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About this Item: ReInk Books, 2017. Softcover. Condition: NEW. Reprinted from edition. NO changes have been made to the original text. This is NOT a retyped or an ocr'd reprint. Illustrations, Index, if any, are included in black and white. Each page is checked manually before printing. As this reprint is from very old book, there could be some missing or flawed pages, but we always try to make the book as complete as possible. Fold-outs, if any, are not part of the book. If the original book was published in multiple volumes then this reprint is of only one volume, not the whole set. This paperback book is SEWN, where the book block is actually sewn (smythe sewn/section sewn) with thread before binding which results in a more durable type of paperback binding. It can also be open wide. The pages will not fall out and will be around for a lot longer than normal paperbacks. This print on demand book is printed on high quality acid-free paper. Seller Inventory # 151740641

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Requa, Richard S.) Parker H. Jackson

Published by Parker H. Jackson, San Diego (1997)

Used Paperback

Quantity Available: 1

From: Lost Horizon Bookstore (Santa Barbara, CA, U.S.A.)

Seller Rating: 4-star rating

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About this Item: Parker H. Jackson, San Diego, 1997. Paperback. Condition: Fine. Octavo. 151pp. Facsimile of Requa's 1935 Publication published by his historian. Wrappers. Illustrated. In original pictorial envelope. Envelope is wrinkled and has a couple small tears at the corners, but the book is fine. Seller Inventory # 10301

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Published by Parker H. Jachson, San Diego, CA (1997)

Used Softcover

Quantity Available: 1

From: Optical Insights, IOBA (Murrieta, CA, U.S.A.)

Seller Rating: 4-star rating

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Price: US$ 35.00
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About this Item: Parker H. Jachson, San Diego, CA, 1997. Softcover. Condition: F. Dust Jacket Condition: No Dust Jacket. Reprint. Fine. An unread copy. ; 1997 reprint of the original 1937 publication by Requa. Laid in is a folded sheet printed in sepia tones with a history of Requa's House of Hospitality (so named in 1935 for the California Pacific International Exposition, but originaly designed in 1915 for the Panama California International Exposition, by Carlton M. Winslow). Sheet contains photos of the garden terraces and dining areas, fountains, and more. ; 8vo 8" - 9" tall; 151 p. Seller Inventory # 34313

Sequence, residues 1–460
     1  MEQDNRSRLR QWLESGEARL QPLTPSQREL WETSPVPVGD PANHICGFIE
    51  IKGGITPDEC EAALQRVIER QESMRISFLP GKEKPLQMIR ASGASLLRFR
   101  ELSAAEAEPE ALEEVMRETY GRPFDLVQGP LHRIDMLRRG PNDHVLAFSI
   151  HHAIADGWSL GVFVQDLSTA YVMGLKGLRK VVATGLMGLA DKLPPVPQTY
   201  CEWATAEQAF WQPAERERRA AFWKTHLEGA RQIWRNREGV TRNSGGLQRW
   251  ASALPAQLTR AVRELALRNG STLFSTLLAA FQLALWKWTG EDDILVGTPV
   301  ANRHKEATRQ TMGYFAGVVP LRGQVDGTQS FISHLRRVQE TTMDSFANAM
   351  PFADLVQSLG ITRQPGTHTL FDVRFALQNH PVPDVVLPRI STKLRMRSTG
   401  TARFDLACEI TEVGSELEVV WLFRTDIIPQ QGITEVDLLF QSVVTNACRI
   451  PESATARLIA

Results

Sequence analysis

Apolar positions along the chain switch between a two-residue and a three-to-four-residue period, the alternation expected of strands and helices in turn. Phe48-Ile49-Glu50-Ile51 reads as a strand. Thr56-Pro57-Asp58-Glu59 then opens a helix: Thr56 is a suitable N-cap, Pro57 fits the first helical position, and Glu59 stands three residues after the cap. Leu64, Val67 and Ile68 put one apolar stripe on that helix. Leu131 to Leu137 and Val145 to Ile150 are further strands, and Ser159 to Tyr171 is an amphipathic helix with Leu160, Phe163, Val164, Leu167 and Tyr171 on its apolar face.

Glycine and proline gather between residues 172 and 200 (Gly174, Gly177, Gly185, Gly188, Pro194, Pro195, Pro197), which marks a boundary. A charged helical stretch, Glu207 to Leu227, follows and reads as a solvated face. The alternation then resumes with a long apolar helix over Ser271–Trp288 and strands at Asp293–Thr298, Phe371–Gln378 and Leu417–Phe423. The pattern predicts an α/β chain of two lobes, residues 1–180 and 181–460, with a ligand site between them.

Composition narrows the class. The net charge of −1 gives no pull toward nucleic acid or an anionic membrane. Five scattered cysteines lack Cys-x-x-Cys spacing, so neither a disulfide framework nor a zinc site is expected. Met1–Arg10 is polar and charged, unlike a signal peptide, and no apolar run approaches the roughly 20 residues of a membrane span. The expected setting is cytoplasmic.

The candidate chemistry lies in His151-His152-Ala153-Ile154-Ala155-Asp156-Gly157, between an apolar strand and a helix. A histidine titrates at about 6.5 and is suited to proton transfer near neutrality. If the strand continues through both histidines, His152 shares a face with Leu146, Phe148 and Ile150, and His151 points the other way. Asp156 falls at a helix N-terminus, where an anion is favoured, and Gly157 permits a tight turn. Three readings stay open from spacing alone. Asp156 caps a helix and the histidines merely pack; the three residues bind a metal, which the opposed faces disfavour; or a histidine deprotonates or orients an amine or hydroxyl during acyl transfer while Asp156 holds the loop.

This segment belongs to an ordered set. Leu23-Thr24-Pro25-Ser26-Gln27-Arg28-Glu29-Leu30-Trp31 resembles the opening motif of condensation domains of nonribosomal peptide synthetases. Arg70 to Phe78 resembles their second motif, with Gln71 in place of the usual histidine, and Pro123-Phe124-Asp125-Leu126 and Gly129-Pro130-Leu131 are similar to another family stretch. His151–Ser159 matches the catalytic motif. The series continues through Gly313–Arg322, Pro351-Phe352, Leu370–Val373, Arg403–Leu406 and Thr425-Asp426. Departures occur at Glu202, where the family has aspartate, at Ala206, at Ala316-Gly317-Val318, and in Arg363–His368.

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About this Item: Richard Requa, San Diego, 1937. Hardcover. First Impression. Octavo, [23cm/9.25inches], full gilt-embossed cloth sans dust jacket, pp.151. Illustrated with tipped on b-w halftone plates &tc. Please feel free to inquire as to particulars and/or additional photographs. . As the buildings from the 1915 fair were in Spanish Colonial Revival Style architecture, designed by Bertram Goodhue and Carleton Winslow. Architect Richard Requa designed the new permanent buildings to be added for the 1935 fair. He wrote that his goal was to relate pre-Columbian Indian buildings and temples, like those found in the Southwest and Mexico, to the modern era; his model was the 1915 New Mexico Building, which he remodeled into a Palace of Education. Many of the new large buildings were in this style, including the California State Building (now the San Diego Automotive Museum), Palace of Electricity (now a gymnasium), and Palace of Water and Transportation (no longer existent). Other new buildings included: The Old Globe Theatre, a copy of a theatre built for the Chicago fair, which in turn was a copy of the original Globe Theatre in London. During the Exposition it showed 50-minute adaptations of plays by William Shakespeare. After the fair it was remodeled and roofed over, and continued to show theatrical productions. The building burned down in 1978 but was rebuilt and is now the focus of a three-theater complex. The circular Ford Building, generally regarded as the architectural wonder of the Exposition, now the home of the San Diego Air and Space Museum. The Ford Bowl, now called the Starlight Bowl, an amphitheater used for concerts and theatrical productions. The House of Pacific Relations, a collection of fifteen small tan red-tiled cottages which were dedicated to different foreign countries; these "International Cottages" are still in use by a consortium of groups from 32 countries as a focus of educational activities, outreach, and international festivals. Spanish Village, a group of six buildings used for shops, restaurants, and a children's theater; it is now an Art Center featuring 37 working art studios and galleries.While some of the extensive gardens from the 1915 Panama California Exposition remained, they were redesigned from formal gardens to gardens overflowing with lush abundance of exotic plants. Many were reimagined by renowned architect Richard Requa who was influenced by the gardens he had seen traveling in Spain. Today's Alcazar Garden, Zoro Garden, and the garden at Cafe del Rey Moro are all Requa designs In exceptionally good condition. Seller Inventory # 23443

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